Dr Mahmoud Mohieldin , the High Level Climate Change Climate Champion for Egypt and UN Special Envoy on Financing UN Sustainable Development Agenda 2030 , highlighted seven action points for accelerating climate finance,including fulfilling and scaling up the 100 billion euros commitment, enhancing the role of the private sector , attracting more investments and activating innovative financial instruments like debt swaps for investment in nature. This is in addition to developing carbon markets and aligning budgets with sustainable development plans .
These statements were part of Moheildin’s lecture at Geneva Graduate Institute under the title “Introduction to the political economy of climate finance and investment.” This came within the framework of his current visit to Switzerland to attend the fifth regional roundtable on climate finance.
During the lecture, the climate champion stressed the need to adopt a holistic approach that contributes to facing climate challenges within the framework of the sustainable development goals, stressing that this approach also depends on implementation and practical application.
Mohieldin also referred to the need to integrate the regional dimension into climate action, referring to the five regional forums held in cooperation with the Egyptian Presidency of COP27 , the United Nations Regional Economic Committees and Climate champions, which resulted in a number of projects that can be financed, invested and implemented.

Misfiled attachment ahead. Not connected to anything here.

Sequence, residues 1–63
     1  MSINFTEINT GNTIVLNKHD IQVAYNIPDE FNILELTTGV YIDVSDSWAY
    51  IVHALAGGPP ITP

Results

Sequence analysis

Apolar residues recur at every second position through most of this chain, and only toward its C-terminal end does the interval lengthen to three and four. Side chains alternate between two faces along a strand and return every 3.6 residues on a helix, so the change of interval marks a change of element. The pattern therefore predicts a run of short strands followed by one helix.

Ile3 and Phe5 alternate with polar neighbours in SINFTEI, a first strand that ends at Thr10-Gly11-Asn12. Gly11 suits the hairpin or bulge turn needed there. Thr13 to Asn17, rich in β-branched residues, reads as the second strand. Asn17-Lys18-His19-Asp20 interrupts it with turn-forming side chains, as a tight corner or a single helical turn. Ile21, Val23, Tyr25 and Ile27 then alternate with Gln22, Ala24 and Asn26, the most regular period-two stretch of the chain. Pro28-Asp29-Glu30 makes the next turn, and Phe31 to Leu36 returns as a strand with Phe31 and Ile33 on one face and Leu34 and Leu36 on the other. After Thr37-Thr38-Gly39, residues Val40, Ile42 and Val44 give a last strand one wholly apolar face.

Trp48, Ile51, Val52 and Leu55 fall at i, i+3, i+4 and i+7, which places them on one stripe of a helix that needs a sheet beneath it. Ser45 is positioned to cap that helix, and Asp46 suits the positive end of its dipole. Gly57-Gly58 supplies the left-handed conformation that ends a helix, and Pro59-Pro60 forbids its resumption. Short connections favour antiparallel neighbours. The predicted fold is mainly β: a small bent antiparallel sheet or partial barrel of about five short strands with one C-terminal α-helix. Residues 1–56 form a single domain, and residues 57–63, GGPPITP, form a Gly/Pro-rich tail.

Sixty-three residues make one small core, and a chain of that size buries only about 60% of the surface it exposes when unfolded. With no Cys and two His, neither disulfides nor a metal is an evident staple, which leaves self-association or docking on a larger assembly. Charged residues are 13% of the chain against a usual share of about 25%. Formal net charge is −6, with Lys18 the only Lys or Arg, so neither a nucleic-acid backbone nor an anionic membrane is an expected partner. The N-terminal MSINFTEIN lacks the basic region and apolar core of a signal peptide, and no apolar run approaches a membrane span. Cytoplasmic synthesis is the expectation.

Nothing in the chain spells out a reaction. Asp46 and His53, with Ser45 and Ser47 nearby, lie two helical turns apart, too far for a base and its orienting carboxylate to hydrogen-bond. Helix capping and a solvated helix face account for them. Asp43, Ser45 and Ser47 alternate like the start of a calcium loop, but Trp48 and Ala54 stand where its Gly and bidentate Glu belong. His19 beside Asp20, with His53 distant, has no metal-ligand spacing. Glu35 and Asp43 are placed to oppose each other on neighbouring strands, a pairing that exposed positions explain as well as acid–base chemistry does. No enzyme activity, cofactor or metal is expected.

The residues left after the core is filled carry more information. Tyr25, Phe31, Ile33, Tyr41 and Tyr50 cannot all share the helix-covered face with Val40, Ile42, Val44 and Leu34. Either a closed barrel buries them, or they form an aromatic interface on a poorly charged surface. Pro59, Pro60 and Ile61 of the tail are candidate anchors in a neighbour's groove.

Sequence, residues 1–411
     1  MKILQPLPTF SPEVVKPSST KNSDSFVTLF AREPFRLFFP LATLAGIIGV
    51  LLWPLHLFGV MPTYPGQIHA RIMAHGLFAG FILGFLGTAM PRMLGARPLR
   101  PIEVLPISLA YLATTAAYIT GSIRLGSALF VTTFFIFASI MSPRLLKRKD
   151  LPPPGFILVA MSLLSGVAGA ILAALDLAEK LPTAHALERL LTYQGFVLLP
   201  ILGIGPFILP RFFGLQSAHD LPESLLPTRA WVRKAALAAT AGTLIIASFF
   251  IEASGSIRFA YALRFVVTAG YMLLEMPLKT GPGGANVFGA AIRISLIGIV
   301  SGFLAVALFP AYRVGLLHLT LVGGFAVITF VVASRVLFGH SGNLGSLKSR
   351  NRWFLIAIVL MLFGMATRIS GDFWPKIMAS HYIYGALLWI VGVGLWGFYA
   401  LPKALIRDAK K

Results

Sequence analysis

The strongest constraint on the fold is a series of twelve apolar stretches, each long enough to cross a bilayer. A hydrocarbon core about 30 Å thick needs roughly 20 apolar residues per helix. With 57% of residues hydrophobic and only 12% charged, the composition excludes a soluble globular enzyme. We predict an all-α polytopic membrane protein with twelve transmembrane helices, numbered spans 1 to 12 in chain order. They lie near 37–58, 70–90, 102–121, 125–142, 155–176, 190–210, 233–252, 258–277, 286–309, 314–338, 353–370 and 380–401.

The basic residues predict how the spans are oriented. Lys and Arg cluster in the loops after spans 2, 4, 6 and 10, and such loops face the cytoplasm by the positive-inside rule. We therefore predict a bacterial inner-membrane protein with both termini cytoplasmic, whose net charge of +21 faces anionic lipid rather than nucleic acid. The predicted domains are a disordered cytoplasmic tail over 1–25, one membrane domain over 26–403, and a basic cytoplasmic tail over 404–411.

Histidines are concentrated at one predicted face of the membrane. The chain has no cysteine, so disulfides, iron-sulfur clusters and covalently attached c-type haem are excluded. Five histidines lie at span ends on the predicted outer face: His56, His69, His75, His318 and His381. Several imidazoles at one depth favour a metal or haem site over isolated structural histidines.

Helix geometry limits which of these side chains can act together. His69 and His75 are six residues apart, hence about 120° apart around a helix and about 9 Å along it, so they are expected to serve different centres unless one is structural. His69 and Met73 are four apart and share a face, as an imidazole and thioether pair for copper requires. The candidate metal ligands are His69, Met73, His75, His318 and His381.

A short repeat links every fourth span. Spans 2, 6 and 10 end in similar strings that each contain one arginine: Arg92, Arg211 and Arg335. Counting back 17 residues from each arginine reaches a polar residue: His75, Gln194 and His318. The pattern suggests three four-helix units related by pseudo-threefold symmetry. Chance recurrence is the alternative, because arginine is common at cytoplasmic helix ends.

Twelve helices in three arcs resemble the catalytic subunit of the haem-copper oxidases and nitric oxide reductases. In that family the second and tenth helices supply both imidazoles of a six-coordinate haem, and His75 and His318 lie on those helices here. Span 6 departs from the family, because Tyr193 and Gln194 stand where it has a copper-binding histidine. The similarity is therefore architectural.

With regard to the localization of climate action, Mohieldin explained the need to integrate the local dimension so that citizens feel the fruits of climate action, highlighting the pioneering initiative launched by the Egyptian government in the Egyptian governorates, namely the National Initiative for Smart and Green Projects which puts into consideration the environmental dimension and digital transformation.
With regard to climate finance, the climate champion stressed the need to reduce reliance on debt that burdened developing countries with more economic stress in light of the fact that the world today is facing the so-called fourth wave of debt, especially in Africa.
although Africa contributes the least in harmful emissions, but it is the most affected by the consequences of climate change, which led to the deterioration of the economic and living situation in Africa.
In the same context, Mohieldin explained the need to provide the necessary technology to support climate action in Africa. Mohieldin also referred to the report issued by the Global Center for Adaptation, where the report announced spending 11.4 billion dollars for adaptation measures, of which the private sector’s participation does not exceed 3 percent.
Regarding Copenhagen’s pledge to provide $100 billion annually for climate support in developing countries, only seven out of 23 countries committed to their share of the pledge, such as Japan, Sweden, France and Germany. Mohieldin also praised the concessional and effective financing policies adopted by the International Development Agency, bearing in mind that climate financing is insufficient, unfair and inefficient.